NAMEI(9) MidnightBSD Kernel Developer’s Manual NAMEI(9)


namei, NDINIT, NDFREE, NDHASGIANT — pathname translation and lookup operations


#include <sys/param.h>
#include <sys/proc.h>
#include <sys/namei.h>


namei(struct nameidata *ndp);


NDINIT(struct nameidata *ndp, u_long op, u_long flags, enum uio_seg segflg, const char *namep, struct thread *td);


NDFREE(struct nameidata *ndp, const uint flags);


NDHASGIANT(struct nameidata *ndp);


The namei facility allows the client to perform pathname translation and lookup operations. The namei functions will increment the reference count for the vnode in question. The reference count has to be decremented after use of the vnode, by using either vrele(9) or vput(9), depending on whether the LOCKLEAF flag was specified or not. If the Giant lock is required, namei will acquire it if the caller indicates it is MPSAFE, in which case the caller must later release Giant based on the results of NDHASGIANT().

The NDINIT() function is used to initialize namei components. It takes the following arguments:


The struct nameidata to initialize.


The operation which namei() will perform. The following operations are valid: LOOKUP, CREATE, DELETE, and RENAME. The latter three are just setup for those effects; just calling namei() will not result in VOP_RENAME() being called.


Operation flags. Several of these can be effective at the same time.


UIO segment indicator. This indicates if the name of the object is in userspace (UIO_USERSPACE) or in the kernel address space (UIO_SYSSPACE).


Pointer to the component’s pathname buffer (the file or directory name that will be looked up).


The thread context to use for namei operations and locks.


The namei() function takes the following set of ‘‘operation flags’’ that influence its operation:


Lock vnode on return. This is a full lock of the vnode; the VOP_UNLOCK(9) should be used to release the lock (or vput(9) which is equivalent to calling VOP_UNLOCK(9) followed by vrele(9), all in one).


This flag lets the namei() function return the parent (directory) vnode, ni_dvp in locked state, unless it is identical to ni_vp, in which case ni_dvp is not locked per se (but may be locked due to LOCKLEAF). If a lock is enforced, it should be released using vput(9) or VOP_UNLOCK(9) and vrele(9).


This flag allows the namei() function to return the parent (directory) vnode in an unlocked state. The parent vnode must be released separately by using vrele(9).


With this flag set, namei() will conditionally acquire Giant if it is required by a traversed file system. MPSAFE callers should pass the results of NDHASGIANT() to VFS_UNLOCK_GIANT in order to conditionally release Giant if necessary.


Avoid namei() creating this entry in the namecache if it is not already present. Normally, namei() will add entries to the name cache if they are not already there.


With this flag, namei() will follow the symbolic link if the last part of the path supplied is a symbolic link (i.e., it will return a vnode for whatever the link points at, instead for the link itself).


Do not call vfs_object_create() for the returned vnode, even though it meets required criteria for VM support.


Do not follow symbolic links (pseudo). This flag is not looked for by the actual code, which looks for FOLLOW. NOFOLLOW is used to indicate to the source code reader that symlinks are intentionally not followed.


Do not free the pathname buffer at the end of the namei() invocation; instead, free it later in NDFREE() so that the caller may access the pathname buffer. See below for details.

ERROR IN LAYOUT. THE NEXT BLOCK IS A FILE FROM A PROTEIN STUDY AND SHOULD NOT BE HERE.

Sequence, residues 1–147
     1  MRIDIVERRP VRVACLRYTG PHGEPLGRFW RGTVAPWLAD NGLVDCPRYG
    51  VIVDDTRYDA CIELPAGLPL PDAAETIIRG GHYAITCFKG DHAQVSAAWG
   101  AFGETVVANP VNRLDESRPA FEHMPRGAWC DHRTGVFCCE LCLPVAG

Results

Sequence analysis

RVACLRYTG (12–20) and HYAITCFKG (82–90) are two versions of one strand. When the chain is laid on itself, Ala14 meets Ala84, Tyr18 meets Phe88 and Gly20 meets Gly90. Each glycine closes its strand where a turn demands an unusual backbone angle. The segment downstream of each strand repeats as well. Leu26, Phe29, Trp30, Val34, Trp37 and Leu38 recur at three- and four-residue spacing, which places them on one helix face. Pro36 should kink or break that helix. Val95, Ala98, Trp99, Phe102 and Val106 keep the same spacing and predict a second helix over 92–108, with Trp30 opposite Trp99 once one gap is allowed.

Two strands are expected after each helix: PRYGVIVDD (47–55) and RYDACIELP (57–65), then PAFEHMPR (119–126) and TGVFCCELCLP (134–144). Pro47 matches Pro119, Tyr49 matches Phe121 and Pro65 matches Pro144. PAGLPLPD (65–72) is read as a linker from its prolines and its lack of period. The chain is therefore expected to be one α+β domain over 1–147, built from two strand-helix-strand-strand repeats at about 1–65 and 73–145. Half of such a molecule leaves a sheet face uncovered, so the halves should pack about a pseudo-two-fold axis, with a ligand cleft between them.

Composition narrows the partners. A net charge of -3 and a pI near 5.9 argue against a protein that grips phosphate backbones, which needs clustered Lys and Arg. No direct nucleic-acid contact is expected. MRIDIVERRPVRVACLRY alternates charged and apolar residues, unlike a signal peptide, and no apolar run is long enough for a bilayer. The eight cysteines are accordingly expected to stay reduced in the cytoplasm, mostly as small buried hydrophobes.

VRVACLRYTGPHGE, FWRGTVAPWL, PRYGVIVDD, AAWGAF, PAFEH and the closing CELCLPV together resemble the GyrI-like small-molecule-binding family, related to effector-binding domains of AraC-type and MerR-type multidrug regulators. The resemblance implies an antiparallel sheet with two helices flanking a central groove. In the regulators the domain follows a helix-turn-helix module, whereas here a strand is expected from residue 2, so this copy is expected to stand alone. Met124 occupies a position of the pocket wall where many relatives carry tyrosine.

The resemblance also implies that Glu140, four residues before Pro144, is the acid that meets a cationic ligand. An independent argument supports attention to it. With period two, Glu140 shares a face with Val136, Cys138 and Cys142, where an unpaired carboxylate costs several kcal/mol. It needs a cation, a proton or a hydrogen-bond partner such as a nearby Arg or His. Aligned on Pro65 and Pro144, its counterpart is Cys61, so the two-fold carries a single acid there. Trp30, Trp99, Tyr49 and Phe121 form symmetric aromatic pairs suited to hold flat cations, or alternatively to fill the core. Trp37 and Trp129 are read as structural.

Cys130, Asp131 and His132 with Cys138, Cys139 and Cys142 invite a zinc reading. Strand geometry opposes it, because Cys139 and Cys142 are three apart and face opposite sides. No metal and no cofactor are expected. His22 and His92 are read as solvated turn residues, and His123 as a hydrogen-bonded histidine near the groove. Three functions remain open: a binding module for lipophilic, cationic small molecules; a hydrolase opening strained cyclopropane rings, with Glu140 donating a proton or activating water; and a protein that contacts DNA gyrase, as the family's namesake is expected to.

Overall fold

Retain an additional reference to the parent directory; do not free the pathname buffer. See below for details.


The nameidata structure is composed of the following fields:


In the normal case, this is either the current directory or the root. It is the current directory if the name passed in does not start with ‘/’ and we have not gone through any symlinks with an absolute path, and the root otherwise.

In this case, it is only used by lookup(), and should not be considered valid after a call to namei(). If SAVESTART is set, this is set to the same as ni_dvp, with an extra vref(9). To block NDFREE() from releasing ni_startdir, the NDF_NO_STARTDIR_RELE can be set.


Vnode pointer to directory of the object on which lookup is performed. This is available on successful return if LOCKPARENT or WANTPARENT is set. It is locked if LOCKPARENT is set. Freeing this in NDFREE() can be inhibited by NDF_NO_DVP_RELE, NDF_NO_DVP_PUT, or NDF_NO_DVP_UNLOCK (with the obvious effects).


Vnode pointer to the resulting object, NULL otherwise. The v_usecount field of this vnode is incremented. If LOCKLEAF is set, it is also locked.

Freeing this in NDFREE() can be inhibited by NDF_NO_VP_RELE, NDF_NO_VP_PUT, or NDF_NO_VP_UNLOCK (with the obvious effects).


The pathname buffer contains the location of the file or directory that will be used by the namei operations. It is managed by the uma(9) zone allocation interface. If the SAVESTART or SAVENAME flag is set, then the pathname buffer is available after calling the namei() function.

To only deallocate resources used by the pathname buffer, ni_cnd.cn_pnbuf, then NDF_ONLY_PNBUF flag can be passed to the NDFREE() function. To keep the pathname buffer intact, the NDF_NO_FREE_PNBUF flag can be passed to the NDFREE() function.


uio(9), uma(9), VFS(9), VFS_UNLOCK_GIANT(9), vnode(9), vput(9), vref(9)


This manual page was written by Eivind Eklund 〈〉 and later significantly revised by Hiten M. Pandya 〈〉.


The LOCKPARENT flag does not always result in the parent vnode being locked. This results in complications when the LOCKPARENT is used. In order to solve this for the cases where both LOCKPARENT and LOCKLEAF are used, it is necessary to resort to recursive locking.

Non-MPSAFE file systems exist, requiring callers to conditionally unlock Giant.

MidnightBSD 0.3 September 21, 2005 MidnightBSD 0.3